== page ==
I was a big Billy Joel fan growing up, oblivious to the fact that he was one the least cool "rock stars" in all of music. He wrote great pop songs, with lyrics that usually told a complete story. He was nearly unparalleled in the catchy hook department. Though never one of rock's greatest voices, in his prime his vocals were expressive and varied. And of course his piano playing has always been more exciting and inventive than much of what passes for musicianship in pop.
Like a total idiot, I went through a phase where I allowed the overall critical consensus to influence my tastes. Out went all my Billy Joel albums, including the rock solid ones like The Stranger and The Nylon Curtain. I parroted all the reviews I read that chastised Joel for writing social commentary songs that had no personal point of view. Some claimed that Joel had no right to pen songs about Vietnam ("Goodnight Saigon"), struggling fishermen ("The Downeaster Alexa"), or a great many other things, because he had never experienced them himself. Seriously, if that was an legitimate criticism there would be considerably less creative writing in general (and not just in pop music).
At some point I began thinking for myself again and reacquired a lot of Joel's catalog. The fact is, for twenty or so years, he was one of pop's most consistent singles artists. A good compilation of highlights (avoid the recent, skimpy single-disc The Hits) should be satisfactory for most people. The critical consensus that landed him a prominent spot in Jimmy Guterman and Owen O'Donnell's Worst Rock and Roll Records of All Time (1991) was simply too harsh. It is, however, worth noting that Joel's detractors do have some points. His attempts to actually rock out are often a bit stiff and unconvincing. Most of his albums (with a few exceptions) are loaded with filler. And he is derivative to a fault at times (Joel often sounds like many other artists, without anyone really ever sounding like Billy Joel).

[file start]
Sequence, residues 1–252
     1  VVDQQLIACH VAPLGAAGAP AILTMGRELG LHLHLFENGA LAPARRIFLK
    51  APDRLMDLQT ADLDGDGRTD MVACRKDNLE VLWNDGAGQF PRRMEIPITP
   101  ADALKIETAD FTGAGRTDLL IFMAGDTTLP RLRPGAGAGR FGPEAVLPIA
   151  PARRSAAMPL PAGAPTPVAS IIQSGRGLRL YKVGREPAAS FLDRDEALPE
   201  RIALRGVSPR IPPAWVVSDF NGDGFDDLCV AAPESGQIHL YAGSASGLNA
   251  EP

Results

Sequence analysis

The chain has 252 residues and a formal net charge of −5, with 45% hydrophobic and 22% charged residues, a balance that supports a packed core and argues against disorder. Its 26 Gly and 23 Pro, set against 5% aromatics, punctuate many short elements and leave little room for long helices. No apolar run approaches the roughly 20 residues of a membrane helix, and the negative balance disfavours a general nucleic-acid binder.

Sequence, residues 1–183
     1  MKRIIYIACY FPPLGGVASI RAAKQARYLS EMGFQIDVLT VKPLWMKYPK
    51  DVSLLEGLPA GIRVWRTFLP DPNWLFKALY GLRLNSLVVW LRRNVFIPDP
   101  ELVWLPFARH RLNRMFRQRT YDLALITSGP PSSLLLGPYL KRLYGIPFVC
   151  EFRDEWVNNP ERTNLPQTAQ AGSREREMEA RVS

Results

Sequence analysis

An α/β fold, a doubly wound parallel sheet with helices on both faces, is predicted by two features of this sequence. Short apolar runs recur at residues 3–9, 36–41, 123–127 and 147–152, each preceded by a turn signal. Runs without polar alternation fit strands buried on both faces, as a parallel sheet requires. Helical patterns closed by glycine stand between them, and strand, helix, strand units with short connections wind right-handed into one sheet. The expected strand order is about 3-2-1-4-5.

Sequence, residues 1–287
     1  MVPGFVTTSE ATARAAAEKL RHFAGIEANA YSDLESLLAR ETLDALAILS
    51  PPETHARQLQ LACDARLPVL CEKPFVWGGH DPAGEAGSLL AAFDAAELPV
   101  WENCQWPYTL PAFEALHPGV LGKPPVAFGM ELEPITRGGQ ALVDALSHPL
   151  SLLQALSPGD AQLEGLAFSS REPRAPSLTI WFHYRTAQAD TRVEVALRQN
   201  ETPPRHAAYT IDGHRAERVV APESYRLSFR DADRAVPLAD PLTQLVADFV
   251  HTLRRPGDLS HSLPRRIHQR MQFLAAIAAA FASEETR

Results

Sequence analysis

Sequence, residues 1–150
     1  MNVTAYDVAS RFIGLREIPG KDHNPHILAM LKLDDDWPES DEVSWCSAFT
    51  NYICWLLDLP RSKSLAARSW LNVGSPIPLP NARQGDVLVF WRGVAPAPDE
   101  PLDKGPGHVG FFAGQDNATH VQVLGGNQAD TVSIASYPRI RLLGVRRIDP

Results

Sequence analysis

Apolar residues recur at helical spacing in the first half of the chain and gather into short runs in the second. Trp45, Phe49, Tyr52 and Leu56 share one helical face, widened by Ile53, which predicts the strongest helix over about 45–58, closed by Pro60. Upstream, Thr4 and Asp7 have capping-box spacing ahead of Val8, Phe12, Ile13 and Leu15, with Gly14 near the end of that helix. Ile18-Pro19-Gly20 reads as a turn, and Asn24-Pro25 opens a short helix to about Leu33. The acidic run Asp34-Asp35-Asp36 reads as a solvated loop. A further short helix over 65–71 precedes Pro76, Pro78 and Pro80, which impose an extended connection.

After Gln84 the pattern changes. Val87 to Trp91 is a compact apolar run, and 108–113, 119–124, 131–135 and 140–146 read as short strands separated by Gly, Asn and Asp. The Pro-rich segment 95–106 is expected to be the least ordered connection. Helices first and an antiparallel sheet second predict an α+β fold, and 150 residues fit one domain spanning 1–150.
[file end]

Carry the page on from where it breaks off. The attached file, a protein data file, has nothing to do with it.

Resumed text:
Unlike most of his contemporaries, Joel simply stopped releasing new material. His final studio album of pop songs was 1993's River of Dreams. In addition to dabbling in classical composition, he has trotted out his formidable catalog of hits on numerous tours over the years. On July 16th and 18th, 2008, he played the final concerts at New York City's Shea Stadium. A compilation of these two historic shows has been issued on Blu-ray as, quite simply, Live at Shea Stadium. The two and a half hour show provides good evidence why the bad rap against Joel eventually melted away. He remains a very conventional, mainstream, middle of the road entertainer - but of a very high order. Though he barely moves from behind his piano, his performance is very tasteful and accomplished. His voice has seen better days, but the same can be said for any pop star his age.